Google has started disclosing Android fragmentation statistics on a yearly basis since 2018. The official Android OS distribution list was just posted as we near the end of 2021.
The story is the same every time: Since its formal debut, iOS 15 has been installed on the majority of iPhones, but Android 12 is only on 0.1 percent of Android phones. The update procedure, on the other hand, is somewhat different. After all, Apple is in charge of both hardware and software development, in contrast to Android, where each manufacturer develops their own bespoke software and hardware.
That doesn’t make looking at Google’s operating system’s distribution stats any less painful. Previously, the corporation published this information on a monthly basis, but since 2018, the list has been updated only once a year. Only versions with a distribution of more than 0.1 percent appear in it. Furthermore, the data is based on the number of Android devices that entered the Google Play Store in the previous month’s seven days.
So it is possible that there are thousands of Android devices running older versions than Android 4.1, but these have a share of less than 0.1% and did not make it into this list. Also, it is worth mentioning that since September 27, Google started preventing logins on older versions of Android. This change affected versions before 2.3.7.
|Android version||API level||Distribution|
|Android 4.1 Jelly Bean||16||0.2%|
|Android 4.2 Jelly Bean||17||0.3%|
|Android 4.3 Jelly Bean||18||0.1%|
|Android 4.4 KitKat||19||1.4%|
|Android 5.0 Lollipop||21||0.7%|
|Android 5.1 Lollipop||22||3.2%|
|Android 6.0 Marshmallow||23||5.1%|
|Android 7.0 Nougat||24||3.4%|
|Android 7.1 Nougat||25||2.9%|
|Android 8.0 Oreo||26||4.0%|
|Android 8.1 Oreo||27||9.7%|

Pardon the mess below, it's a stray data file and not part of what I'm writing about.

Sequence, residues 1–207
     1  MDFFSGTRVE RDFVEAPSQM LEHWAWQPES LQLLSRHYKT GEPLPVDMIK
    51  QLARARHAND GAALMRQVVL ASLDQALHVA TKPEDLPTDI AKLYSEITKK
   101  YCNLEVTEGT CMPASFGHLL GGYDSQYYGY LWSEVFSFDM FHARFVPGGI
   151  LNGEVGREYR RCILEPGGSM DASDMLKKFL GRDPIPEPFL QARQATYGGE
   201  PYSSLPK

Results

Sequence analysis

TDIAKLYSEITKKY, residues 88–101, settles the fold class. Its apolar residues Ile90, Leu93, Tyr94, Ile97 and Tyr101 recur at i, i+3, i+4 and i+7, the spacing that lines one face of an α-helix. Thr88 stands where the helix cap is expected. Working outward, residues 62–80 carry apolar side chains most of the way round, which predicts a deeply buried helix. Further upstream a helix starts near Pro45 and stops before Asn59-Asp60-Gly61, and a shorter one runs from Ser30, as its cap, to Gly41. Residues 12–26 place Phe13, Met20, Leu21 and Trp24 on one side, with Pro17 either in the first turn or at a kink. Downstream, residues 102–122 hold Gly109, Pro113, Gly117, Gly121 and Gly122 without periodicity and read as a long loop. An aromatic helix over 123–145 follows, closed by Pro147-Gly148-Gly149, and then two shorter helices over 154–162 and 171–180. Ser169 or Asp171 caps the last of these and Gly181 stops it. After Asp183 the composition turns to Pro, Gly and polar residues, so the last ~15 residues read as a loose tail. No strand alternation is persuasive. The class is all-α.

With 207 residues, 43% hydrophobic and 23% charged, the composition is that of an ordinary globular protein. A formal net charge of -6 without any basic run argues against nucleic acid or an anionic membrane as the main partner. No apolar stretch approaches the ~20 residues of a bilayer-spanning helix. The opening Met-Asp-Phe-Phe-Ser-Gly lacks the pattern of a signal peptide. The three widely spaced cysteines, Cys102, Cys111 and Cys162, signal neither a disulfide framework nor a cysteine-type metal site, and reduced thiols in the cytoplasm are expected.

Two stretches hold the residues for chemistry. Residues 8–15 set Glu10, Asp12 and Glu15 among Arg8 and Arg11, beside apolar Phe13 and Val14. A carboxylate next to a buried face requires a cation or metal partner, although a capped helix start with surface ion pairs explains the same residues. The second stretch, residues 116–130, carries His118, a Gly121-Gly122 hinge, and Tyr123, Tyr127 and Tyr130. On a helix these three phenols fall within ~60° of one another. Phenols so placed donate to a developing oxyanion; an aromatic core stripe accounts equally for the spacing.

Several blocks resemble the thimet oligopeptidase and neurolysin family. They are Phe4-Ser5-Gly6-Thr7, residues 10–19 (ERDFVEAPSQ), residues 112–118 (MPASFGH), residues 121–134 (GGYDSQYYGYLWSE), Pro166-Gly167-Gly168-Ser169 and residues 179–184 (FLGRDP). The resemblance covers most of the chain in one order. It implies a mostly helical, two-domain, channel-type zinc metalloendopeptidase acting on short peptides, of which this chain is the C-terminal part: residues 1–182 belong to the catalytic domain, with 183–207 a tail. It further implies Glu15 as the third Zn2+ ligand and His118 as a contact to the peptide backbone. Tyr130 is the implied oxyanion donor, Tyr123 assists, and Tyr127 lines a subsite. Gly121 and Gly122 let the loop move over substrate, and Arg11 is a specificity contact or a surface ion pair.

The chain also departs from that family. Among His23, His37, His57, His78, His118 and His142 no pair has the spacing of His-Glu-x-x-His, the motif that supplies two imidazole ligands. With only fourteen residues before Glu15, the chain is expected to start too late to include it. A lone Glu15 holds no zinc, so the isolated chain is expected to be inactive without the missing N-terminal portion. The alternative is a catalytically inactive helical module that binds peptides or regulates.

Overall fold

|Android 9 Pie||28||18.2%|
|Android 10 Q||29||26.5%|
|Android 11 R||30||24.3%|
|Android 12 Snow cone||31||–|
The most popular official version of Google’s OS, as seen above, is Android 10 Q, which was released in 2019 and looks to be installed on 26.5 percent of active Android devices. Then there’s Android 11 R, which will be available in 2020 and is already used by 24.3 percent of active phones. Meanwhile, Android 9 Pie, which was released in 2018, is in third place with an 18.2 percent share, followed by Android 8.1 Oreo, which was released in 2017 and has a 9.7 percent share. My trusty calculator informs me that Android 9 or older is installed on 49.2% of all Android phones. In 2018, Pie was released.
Even after months of testing, the most recent version of the operating system, in this case, Android 12, has yet to arrive on a significant number of handsets.
Unfortunately, Android fragmentation has long been the Achilles heel of the world’s most popular mobile operating system. Google’s initiatives, on the other hand, appear to be making an impact. Previously, much older versions were the ones who got the biggest piece of the fragmentation cake. Most devices today, at least, run on newer versions.
Also, security patches offer a longer life for phones bought more than three years ago, which makes Android 10’s high distribution less surprising. The same, however, cannot be said for the 5.1% share of Android 6.0 Marshmallow, announced in 2015!